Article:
Sharing Intimacy 12/17/19

Thoughts by Richard Bleil

For over a year now, I’ve been writing blogs every day. I’ve written on topics of education, science, politics; I’ve written short stories; I’ve written opinion on a myriad of topics; I’ve written pieces that I hope people found inspirational. But I’ve always tried to open and vulnerable in my writing.

It is probably too easy to read my work and just dismiss it as the rantings of an overly sensitive man. Heck, I even poke fun at this in the name of my blog site, but that doesn’t make it easier to right. My regular readers know that I have had a very challenging life. I’ve lost a lot, been hurt and emotionally beat up, I’ve turned the other cheek so the bruising could be even.

The truth is that I’ve cried more often while writing my posts than I care to admit, and probably more than you would want to know. A lot of people might think this makes me weak, but I know the courage it takes to actually allow yourself to feel and face your emotions.

And it’s cathartic.

I guess that it may have been redundant to say that. I spent several years going to therapy, mostly twice a week which means that I was truly messed up. My therapist said very little. Week after week, I would sit in her office, and she would just sit there and listen. Oh, sometimes she would interject some (amazing) insights, but mostly she just listened.

That’s kind of what I have been doing here with the blog. You, my dear readers, are my beloved therapists, and on rare occasion, some of you have shared your (amazing) insights in the comments, although, to be fair, most of the comments are sales pitches.

Therapy, as a process, is kind of an amazing thing. We all have these emotional trip wires in our psyche, or “land mines” as I often call them, but unlike landmines, the harm is not to the one who steps on them, but rather, to the person who planted them. Recently a group of students found one of my “land mines” when, collectively, they failed to show up for class. Anybody who remembers the blog that I wrote about that incident know that it really hurt me quite deeply, and, as it turns out, that blog hurt some of those students.

And that’s the thing about being open and vulnerable. I realized this about therapy; I would spend weeks and weeks just kind of inching along, making no real progress at all. Then would come a day that I really (really!) didn’t want to even go to therapy, but I came to realize that those were the days that I most needed to be there. I would force myself to go, and typically, that is when I would show my therapist one of those trip wires. But, if I’m the one harmed when it is triggered, that means that these can be used as a weapon against me. In essence, I was giving her an arsenal of weapons to which I am particularly vulnerable.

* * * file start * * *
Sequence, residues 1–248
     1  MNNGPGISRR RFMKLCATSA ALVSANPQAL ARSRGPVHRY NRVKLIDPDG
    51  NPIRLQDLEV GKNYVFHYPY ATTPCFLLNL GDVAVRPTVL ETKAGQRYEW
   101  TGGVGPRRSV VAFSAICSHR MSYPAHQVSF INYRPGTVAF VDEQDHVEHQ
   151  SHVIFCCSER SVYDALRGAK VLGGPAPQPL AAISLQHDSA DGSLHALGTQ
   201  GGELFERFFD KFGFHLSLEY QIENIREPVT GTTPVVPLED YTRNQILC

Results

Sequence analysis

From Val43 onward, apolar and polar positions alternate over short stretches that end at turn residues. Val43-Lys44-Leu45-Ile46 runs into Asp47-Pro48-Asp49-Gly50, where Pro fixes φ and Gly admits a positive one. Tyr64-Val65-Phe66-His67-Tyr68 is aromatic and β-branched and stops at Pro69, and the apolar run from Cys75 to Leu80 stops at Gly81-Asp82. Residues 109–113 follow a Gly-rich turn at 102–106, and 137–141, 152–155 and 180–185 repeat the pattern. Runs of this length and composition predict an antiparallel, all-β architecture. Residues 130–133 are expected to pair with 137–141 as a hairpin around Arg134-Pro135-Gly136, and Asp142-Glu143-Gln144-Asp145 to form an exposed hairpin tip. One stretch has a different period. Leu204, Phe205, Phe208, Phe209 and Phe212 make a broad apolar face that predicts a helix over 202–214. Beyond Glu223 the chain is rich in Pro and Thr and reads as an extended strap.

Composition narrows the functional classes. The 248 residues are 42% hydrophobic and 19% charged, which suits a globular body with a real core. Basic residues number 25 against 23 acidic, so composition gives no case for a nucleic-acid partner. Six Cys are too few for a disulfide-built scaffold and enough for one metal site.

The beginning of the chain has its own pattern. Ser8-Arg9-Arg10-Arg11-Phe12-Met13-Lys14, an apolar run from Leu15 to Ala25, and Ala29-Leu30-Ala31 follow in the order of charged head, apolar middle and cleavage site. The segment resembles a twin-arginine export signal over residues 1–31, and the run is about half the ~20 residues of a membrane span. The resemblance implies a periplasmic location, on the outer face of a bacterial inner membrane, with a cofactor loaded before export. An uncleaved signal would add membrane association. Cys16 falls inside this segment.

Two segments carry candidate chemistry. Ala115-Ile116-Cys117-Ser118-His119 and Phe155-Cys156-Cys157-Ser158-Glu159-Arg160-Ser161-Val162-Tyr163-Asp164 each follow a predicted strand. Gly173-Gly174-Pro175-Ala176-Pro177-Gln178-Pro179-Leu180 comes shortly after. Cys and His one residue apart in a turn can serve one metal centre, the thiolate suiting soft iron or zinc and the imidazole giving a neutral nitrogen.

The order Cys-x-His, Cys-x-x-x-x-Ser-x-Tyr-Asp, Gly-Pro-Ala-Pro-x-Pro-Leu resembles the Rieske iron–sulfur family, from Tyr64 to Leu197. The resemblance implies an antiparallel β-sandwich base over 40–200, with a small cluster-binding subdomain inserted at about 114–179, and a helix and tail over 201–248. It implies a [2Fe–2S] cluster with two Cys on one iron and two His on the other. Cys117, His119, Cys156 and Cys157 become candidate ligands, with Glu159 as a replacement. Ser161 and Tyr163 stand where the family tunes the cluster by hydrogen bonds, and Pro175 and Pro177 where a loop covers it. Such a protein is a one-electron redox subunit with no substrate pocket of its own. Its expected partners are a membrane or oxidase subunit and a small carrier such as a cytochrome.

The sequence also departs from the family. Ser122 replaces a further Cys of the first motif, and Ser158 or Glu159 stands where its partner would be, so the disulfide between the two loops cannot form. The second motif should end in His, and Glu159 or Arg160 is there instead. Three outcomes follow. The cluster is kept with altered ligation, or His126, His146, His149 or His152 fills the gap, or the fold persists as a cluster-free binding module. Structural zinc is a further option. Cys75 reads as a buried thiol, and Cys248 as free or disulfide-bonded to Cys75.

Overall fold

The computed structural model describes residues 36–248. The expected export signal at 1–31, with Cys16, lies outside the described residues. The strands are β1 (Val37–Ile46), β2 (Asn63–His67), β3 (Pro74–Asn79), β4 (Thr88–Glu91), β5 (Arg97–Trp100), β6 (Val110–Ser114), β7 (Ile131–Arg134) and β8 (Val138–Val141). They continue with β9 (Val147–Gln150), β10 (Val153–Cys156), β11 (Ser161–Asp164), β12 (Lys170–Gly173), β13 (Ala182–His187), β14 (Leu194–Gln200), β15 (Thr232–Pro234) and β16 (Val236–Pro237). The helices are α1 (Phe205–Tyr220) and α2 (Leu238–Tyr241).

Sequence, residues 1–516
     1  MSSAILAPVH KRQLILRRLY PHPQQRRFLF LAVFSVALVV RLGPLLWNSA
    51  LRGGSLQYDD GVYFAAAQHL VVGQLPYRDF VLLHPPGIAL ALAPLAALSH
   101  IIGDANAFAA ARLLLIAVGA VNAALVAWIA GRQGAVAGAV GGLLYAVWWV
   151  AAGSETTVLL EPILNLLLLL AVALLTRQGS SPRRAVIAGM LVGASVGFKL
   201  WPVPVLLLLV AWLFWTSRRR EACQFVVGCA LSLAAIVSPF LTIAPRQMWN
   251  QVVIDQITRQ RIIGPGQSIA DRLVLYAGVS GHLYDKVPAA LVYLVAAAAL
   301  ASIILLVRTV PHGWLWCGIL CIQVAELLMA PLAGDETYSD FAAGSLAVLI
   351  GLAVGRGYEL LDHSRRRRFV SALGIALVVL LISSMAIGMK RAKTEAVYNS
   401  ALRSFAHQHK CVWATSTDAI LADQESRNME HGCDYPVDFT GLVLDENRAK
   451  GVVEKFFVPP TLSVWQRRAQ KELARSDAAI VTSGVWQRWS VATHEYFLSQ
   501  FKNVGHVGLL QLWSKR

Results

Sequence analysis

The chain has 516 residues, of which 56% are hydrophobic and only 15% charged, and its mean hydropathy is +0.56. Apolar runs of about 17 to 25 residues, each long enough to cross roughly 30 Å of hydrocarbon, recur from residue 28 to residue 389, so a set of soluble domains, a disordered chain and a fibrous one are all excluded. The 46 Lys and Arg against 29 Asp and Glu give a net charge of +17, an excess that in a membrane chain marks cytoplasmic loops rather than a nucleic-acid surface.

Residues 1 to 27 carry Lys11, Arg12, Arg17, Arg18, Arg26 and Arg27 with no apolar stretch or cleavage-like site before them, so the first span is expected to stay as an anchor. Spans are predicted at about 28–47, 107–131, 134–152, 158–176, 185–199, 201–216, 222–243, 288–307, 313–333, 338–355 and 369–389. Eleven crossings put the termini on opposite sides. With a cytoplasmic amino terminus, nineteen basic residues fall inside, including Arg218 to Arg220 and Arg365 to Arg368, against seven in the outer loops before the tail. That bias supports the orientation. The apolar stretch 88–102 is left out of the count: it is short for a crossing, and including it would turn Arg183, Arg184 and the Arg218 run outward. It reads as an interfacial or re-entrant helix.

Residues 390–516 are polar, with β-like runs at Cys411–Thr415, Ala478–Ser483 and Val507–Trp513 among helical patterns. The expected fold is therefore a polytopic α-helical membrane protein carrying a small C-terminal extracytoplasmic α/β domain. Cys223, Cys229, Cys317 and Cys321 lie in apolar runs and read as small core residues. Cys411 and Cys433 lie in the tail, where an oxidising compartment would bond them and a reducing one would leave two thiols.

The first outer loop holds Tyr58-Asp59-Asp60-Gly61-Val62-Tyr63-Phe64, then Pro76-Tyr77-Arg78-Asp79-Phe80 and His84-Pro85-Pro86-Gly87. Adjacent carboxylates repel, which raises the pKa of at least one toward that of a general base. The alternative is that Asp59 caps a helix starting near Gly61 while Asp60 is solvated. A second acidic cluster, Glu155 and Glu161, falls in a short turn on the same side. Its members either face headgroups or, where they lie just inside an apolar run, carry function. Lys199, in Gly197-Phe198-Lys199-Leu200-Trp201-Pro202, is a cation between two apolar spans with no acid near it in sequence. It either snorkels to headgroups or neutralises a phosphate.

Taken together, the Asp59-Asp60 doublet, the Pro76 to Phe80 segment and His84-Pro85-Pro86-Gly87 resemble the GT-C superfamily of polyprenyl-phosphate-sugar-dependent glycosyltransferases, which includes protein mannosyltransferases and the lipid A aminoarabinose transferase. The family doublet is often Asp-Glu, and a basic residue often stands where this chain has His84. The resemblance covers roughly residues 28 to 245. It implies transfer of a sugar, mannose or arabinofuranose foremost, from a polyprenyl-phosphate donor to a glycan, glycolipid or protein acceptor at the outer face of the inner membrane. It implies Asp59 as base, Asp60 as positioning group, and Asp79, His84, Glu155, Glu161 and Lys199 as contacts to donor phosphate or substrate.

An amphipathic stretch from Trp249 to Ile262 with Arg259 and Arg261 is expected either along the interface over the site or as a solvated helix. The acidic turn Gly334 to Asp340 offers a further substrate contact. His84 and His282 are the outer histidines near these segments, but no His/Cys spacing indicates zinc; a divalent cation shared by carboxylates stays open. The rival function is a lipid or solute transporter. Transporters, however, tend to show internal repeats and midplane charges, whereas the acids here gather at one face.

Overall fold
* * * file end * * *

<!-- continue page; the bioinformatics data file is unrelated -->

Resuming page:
And I would wait.

I realized that after such revelations, which invariably had an incredible lesson for me, I would go back in the next few sessions with my defenses on high. I was waiting to see how she would use that information to abuse and injure me. After all, that’s what we do, isn’t it? We hurt each other, like it’s some kind of twisted sport.

I would wait to see how she used these weapons against me. Although these were usually the times that she had her insight, she never used those weapons to hurt me. Each time I handed her a new weapon, and I realized that she would not, after all, use that weapon, I came to trust her even more. We would start on a new plateau of trust, a new level of open communication, and new walls to work on bringing down.

I suggest you try it. Seriously. You know that thing that you’ve been afraid to share with that one important person in your life? Try it. Try honesty, try being vulnerable. You’ll find it’s one of the most difficult things you can possibly do, but, full disclosure, it might go very wrong. That person might turn around and use what you say against you and try to injure you for it. If that happens, then you’ve learned the boundaries of trust that you can give that person which is a painful, but important, lesson to learn. But if they show you that you can trust them, then you’ve taken that relationship to a whole new level, and you will probably find out that it’s a great level. Like that video game where you unlock the new hidden level that you didn’t even know was there.

To close this out, I suppose I should apologize to those students who might have felt slighted by the earlier post. Rest assured, it was just my defenses lashing out. I still think the world of you all.

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